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Human Services Commissioner Lucinda Jesson and Minnesota Hospital Association President and CEO Lawrence Massa met with members of the Rochester medical community today to discuss strategies to improve health care infrastructure in central Minnesota and across the state.
The panel event, “Investing in Minnesota’s Health Care Future,” elicited a wide range of ideas on how to prepare for a growing number of Minnesotans with health care insurance. Proposals in Gov. Mark Dayton’s budget to cover 145,000 additional Minnesotans through Medical Assistance, along with policy tools in the federal Affordable Care Act, will cut the uninsured rate by nearly half over the next few years.
“These are significant steps forward for the state, but we also must ensure Minnesotans with health insurance have access to the world-class health care this state is known for,” said Jesson. “The governor’s budget makes investments that support primary care physicians, clinics, hospitals and other essential infrastructure to keep our health care system strong.”
Held at Mayo Clinic in Rochester, Jesson highlighted the Southeast Minnesota Beacon Program, a federally-funded $12.3 million project using technology to coordinate and improve care in the region. Led by Mayo, partners include Olmstead Medical, Winona Health, Allina Health, long-term care facilities, school districts and public health departments in 11 southeast Minnesota counties.
“We were pleased to discuss the results of the Southeast Minnesota Beacon Program, a regional collaboration focused on promoting public health through the use of innovative technology, and consistent with the Governor’s objectives of improving the health of all Minnesotans,” said Dr. Douglas Wood, a Mayo Clinic cardiologist and a member of the Minnesota Health Care Reform Task Force.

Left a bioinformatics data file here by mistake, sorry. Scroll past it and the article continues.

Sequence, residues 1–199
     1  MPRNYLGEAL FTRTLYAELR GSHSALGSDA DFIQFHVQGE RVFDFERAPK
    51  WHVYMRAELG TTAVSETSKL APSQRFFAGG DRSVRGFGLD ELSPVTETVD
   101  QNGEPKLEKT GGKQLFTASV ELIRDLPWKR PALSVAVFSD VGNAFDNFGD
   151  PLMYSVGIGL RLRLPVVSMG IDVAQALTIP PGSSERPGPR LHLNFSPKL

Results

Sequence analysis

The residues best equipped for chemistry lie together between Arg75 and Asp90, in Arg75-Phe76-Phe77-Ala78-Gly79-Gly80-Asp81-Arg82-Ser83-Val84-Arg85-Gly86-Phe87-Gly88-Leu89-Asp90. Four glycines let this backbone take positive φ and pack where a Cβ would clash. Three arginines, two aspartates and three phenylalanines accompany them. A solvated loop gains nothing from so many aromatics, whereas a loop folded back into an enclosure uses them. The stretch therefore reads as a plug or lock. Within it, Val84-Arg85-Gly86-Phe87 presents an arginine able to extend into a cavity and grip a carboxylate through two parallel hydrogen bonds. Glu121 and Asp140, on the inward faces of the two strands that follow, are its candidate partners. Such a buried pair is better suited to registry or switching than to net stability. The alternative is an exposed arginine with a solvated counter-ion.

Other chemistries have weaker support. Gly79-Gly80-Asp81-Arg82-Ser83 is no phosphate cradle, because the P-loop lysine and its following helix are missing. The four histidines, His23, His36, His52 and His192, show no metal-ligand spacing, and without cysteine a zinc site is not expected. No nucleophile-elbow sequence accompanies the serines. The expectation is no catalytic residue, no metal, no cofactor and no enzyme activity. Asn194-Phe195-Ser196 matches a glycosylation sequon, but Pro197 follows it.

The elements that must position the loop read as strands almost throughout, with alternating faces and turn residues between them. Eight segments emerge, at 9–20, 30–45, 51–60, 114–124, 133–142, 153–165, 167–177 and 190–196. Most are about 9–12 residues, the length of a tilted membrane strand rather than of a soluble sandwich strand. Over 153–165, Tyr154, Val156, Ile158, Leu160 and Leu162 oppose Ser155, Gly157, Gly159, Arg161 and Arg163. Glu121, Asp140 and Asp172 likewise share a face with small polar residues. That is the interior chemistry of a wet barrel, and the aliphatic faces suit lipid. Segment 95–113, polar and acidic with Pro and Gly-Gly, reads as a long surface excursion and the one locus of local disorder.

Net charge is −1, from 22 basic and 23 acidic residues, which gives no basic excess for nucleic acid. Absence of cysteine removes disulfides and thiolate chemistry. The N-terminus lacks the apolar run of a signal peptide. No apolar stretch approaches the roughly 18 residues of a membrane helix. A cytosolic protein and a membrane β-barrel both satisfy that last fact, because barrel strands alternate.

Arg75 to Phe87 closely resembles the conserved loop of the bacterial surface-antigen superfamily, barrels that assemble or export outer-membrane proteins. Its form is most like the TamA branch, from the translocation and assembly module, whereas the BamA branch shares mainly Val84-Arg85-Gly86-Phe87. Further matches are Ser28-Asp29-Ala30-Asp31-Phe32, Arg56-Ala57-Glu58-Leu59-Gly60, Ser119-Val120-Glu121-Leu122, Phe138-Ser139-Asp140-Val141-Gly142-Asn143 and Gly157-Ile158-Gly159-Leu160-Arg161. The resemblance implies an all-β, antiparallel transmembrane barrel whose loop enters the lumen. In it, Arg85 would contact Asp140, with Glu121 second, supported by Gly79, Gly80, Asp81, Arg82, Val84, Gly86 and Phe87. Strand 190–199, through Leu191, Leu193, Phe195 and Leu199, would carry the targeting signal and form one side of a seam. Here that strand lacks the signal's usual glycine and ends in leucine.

The governor’s proposed budget for next biennium focuses on investments in Minnesota’s health care infrastructure to improve health, such as $12.8 million to support Medical Education and Research Costs. These dollars, matched by the federal government for a total of $25.6 million, will benefit clinical training in Minnesota’s teaching hospitals, which are critical to maintaining a strong health care workforce, particularly in Greater Minnesota. The governor’s budget also proposes investing $27.2 million over the 2014-2015 biennium to increase hospital, physician and dental reimbursement rates for Medicaid patients. In difficult budget years, these rates have failed to keep up with rising costs.
Panelists also spoke about a commitment in the region to better integrate care across disciplines, such as mental and physical health, and said greater flexibility within regulatory and payment systems would enhance their work.
“The Minnesota Hospital Association is appreciative that Gov. Dayton’s budget includes increased investments in our state’s health care programs to improve Minnesotans’ access to services and ensure sustainability of health and human services programs,” said Massa. “We are pleased that the governor has already signed into law the expansion of Medicaid to cover more low-income Minnesotans. In addition, the governor’s budget restores MERC funding to fiscal year 2011 levels and it will leverage federal matching funds and will help hospitals, clinics, and pharmacies maintain their training programs for our state’s future physicians, advanced practice registered nurses, pharmacists and dentists.”
In addition to Jesson, Wood and Massa, the panel included Dr. Kurt Angstman, associate professor of family medicine at Mayo Clinic and chair of the Minnesota Academy of Family Physicians Board of Directors; Heather Geerts, clinical director at Zumbro Valley Mental Health Center; and Rachelle Schultz, president and CEO of Winona Health.
More information about human services budget proposals can be found on the DHS website.